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When Jolene Caufield — senior healthcare advisor at Healthy Howard, a Columbia, Maryland-based nonprofit for healthcare resources — asked friends and co-workers what they have missed most during the pandemic, she wasn’t surprised by the answer.  

“The overwhelming answer was hugs or the ability to hug someone,” says Caufield. “Many colleagues miss getting to hug their family and friends or even just to reach out and give a pat on the back or shake hands.” 

Embracing science  

Old couple wearing masks making heart shape with fingers

Sure, everyone knows that a hug is good for your heart figuratively, but it truly is the “universal medicine.” One 2005 study from the University of North Carolina found that those who hugged after a general chat with their partners experienced lower blood pressure and reduced heart rate.  

“Skin contact is quite important for us humans,” says Caufield. “It allows us to reinforce connections and affirms our relationships to one another. There are countless studies on how hugs release stress-reducing hormones like the oxytocin — the snuggle hormone — and the longer the hug lasts the more oxytocin is released.” 

Hugging also helps reduce stress levels, says Amy Olson, a relationship expert and editor at The Absolute Dater, an online dating site. “From a psychological sense, hugging makes you feel safe and strengthens your connection to a friend or your partner,” she says. “This is why whenever we see a person in grief, the first thing we do is hug them.” 

Of course, the global COVID-19 pandemic has changed all that. Travel restrictions and social distancing measures have made it difficult to see loved ones, especially those who are older such as grandparents. Even if you are lucky enough to score some socially distanced time with someone special, hugging is now fraught with danger.  

Next best thing 

Man and woman hugging

But just because you can’t give an actual embrace, doesn’t mean you can’t offer one virtually.  

“Simply saying the words, ‘I’m sending you a virtual hug’ can let a friend or loved one feel your positive intent and perhaps even close their eyes and visualize the comfortable squeeze,” says Helena Plater-Zyberk, co-founder of Supportiv, an online mental wellness community that’s helped more than 600,000 people. “For those who abide by the idiom that actions speak louder than words, sending a symbolic hug may feel more powerful—a snail mail card, a photo from a memory together, or a bouquet of flowers.”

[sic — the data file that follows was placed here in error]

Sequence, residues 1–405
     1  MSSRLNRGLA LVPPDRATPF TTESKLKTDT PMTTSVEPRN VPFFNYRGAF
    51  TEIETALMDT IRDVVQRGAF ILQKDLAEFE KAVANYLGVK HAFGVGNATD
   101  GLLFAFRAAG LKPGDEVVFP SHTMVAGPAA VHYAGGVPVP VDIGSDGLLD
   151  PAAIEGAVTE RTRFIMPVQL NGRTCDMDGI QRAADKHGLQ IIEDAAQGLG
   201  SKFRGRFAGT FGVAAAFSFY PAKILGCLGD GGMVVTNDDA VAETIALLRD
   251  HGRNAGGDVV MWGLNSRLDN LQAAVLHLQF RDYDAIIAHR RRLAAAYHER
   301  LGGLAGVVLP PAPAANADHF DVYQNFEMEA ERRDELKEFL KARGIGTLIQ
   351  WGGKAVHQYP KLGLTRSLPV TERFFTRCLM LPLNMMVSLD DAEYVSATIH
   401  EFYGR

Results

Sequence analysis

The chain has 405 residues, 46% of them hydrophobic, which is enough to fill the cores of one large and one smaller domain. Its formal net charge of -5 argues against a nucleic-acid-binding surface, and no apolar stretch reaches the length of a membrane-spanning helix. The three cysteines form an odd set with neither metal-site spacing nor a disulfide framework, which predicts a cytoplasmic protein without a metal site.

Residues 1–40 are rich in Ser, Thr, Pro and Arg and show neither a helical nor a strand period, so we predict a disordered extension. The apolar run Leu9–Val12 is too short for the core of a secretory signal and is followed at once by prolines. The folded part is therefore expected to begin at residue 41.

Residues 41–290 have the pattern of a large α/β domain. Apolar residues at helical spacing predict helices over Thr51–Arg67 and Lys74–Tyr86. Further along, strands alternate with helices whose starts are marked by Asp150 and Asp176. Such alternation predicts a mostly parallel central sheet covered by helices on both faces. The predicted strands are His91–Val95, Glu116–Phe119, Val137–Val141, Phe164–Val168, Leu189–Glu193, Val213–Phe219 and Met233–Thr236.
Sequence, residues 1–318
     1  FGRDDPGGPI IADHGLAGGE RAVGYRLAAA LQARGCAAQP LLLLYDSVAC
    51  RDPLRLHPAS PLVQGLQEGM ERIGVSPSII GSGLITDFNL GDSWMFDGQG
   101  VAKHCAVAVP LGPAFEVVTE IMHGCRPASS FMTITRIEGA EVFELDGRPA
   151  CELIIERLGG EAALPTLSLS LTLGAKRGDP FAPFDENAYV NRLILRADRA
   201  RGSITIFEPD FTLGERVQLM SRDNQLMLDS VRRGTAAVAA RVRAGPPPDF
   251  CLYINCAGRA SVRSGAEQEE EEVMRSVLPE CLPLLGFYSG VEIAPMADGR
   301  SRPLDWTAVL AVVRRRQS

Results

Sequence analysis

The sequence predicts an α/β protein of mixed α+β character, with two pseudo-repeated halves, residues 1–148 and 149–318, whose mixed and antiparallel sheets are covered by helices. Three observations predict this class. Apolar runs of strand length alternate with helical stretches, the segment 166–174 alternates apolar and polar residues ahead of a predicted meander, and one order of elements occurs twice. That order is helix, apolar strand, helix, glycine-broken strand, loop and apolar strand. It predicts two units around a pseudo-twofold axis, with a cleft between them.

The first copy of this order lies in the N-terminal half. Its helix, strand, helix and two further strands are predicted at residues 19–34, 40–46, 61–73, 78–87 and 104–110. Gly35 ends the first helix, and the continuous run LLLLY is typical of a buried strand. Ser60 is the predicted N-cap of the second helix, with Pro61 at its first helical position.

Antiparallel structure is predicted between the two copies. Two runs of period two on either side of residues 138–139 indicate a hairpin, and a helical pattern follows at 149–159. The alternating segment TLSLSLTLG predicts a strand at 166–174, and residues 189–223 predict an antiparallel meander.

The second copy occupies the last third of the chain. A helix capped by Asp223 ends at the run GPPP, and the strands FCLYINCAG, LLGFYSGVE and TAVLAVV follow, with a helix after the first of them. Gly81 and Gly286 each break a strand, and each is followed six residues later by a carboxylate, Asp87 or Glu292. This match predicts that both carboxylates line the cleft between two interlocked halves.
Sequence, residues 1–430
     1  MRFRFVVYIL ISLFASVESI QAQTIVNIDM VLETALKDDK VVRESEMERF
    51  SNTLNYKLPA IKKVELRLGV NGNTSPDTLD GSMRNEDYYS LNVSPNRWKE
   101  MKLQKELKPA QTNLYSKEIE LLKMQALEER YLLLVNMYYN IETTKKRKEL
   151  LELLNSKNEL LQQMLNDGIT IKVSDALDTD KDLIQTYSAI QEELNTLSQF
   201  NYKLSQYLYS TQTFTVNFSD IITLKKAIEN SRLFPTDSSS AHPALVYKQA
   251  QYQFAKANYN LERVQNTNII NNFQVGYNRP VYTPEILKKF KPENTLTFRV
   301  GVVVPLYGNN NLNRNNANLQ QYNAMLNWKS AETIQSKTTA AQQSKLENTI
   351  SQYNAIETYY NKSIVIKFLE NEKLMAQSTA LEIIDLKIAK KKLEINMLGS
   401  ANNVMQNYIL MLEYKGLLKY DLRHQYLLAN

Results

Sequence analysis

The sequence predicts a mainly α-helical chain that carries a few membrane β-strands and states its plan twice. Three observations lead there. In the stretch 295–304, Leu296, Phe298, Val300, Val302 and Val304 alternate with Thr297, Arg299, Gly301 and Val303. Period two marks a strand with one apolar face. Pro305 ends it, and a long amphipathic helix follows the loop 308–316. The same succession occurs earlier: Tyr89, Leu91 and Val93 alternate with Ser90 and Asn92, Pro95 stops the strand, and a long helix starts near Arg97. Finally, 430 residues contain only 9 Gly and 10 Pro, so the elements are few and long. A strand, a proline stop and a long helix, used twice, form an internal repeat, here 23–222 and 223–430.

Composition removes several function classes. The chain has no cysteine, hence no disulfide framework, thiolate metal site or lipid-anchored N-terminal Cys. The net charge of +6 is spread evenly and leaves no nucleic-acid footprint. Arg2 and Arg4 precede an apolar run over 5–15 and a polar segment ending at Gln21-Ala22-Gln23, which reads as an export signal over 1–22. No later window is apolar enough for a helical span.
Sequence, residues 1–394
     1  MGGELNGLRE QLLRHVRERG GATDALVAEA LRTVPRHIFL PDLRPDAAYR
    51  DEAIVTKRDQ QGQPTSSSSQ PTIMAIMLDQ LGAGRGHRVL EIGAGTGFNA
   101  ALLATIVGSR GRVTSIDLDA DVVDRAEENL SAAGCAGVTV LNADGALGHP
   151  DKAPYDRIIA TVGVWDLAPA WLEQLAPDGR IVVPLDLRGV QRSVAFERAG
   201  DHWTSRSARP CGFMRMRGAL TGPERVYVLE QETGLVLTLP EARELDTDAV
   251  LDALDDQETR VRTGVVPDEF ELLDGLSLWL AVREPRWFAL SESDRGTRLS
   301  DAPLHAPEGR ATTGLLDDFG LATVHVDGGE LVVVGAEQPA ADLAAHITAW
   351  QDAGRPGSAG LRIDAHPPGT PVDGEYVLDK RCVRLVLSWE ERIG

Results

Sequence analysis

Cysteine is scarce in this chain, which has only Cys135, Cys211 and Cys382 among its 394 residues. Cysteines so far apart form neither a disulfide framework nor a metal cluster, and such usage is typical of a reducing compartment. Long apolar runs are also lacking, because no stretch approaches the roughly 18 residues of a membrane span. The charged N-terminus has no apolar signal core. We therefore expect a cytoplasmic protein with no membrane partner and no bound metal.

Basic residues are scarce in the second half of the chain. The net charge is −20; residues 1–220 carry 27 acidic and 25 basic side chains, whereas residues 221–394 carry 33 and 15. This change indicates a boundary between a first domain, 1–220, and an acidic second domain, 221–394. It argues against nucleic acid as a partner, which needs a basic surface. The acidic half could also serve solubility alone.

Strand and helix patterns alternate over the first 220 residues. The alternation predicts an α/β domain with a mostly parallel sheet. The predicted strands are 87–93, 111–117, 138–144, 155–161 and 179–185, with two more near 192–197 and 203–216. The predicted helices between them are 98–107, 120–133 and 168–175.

Tasha Holland-Kornegay, Ph.D., a licensed clinical mental health counselor and the founder of WIRL, a site connecting healthcare workers to resources, suggests sending uplifting quotes or compliments through text or chat, and using a video conference system like Zoom or FaceTime for some safe hugs.  

“Quality time is expressed when someone gives someone else their undivided attention — quality over quantity,” she says. “That means making eye contact while using FaceTime and actively listening. Extra mile means extra smile.” 

Virtual hug challenge

Another great option, according to April Maccario, a relationship expert and founder of Ask April, is giving a pandemic-themed package. “Send your loved ones a ‘Take Care Box’ that consists of a face mask, facial shield, alcohol, and vitamins,” she says. “This will surely make someone smile.”  

Maccario also suggests calling a local bakery that offers delivery and ordering a cake with a personalized message such as “Take Care Always.” And, “Classic as it may sound, sending a box of chocolates on any given day is always a great way to make someone happy.” 

Don’t forget you

Woman with wine glass

While you’re spending so much time virtually hugging friends and family, it’s important not to forget about yourself, says Kornegay, who has plenty of experience watching those in caregiving fields suffer from burnout. 

Embracing yourself can have huge benefits, according to 2011 research from the University of South Australia. “Giving yourself a hug for 10 seconds each day can actually release biochemicals that reduce stress levels, increase energy levels, ease depression, strengthen your immune system, and lower your risk of heart disease,” she says. “Simply wrap your arms around yourself while engaging your abdominal and back muscles at the same time.” 

Though it might feel a bit silly at first, Kornegay encourages everyone to put self-consciousness aside and go for it. “Give yourself a big-old bear hug and watch what happens!” she says. “A hug a day keeps the doctor away!” 

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Shari Goldhagen is a magazine writer and editor and the author of the novels Family and Other Accidents and In Some Other World, Maybe, as well as the YA novel 100 Days of Cake. Her work has appeared in scores of publications including, Cosmopolitan,, and Us Weekly. Though she somehow lives in Florida, she will always be a New Yorker at heart.

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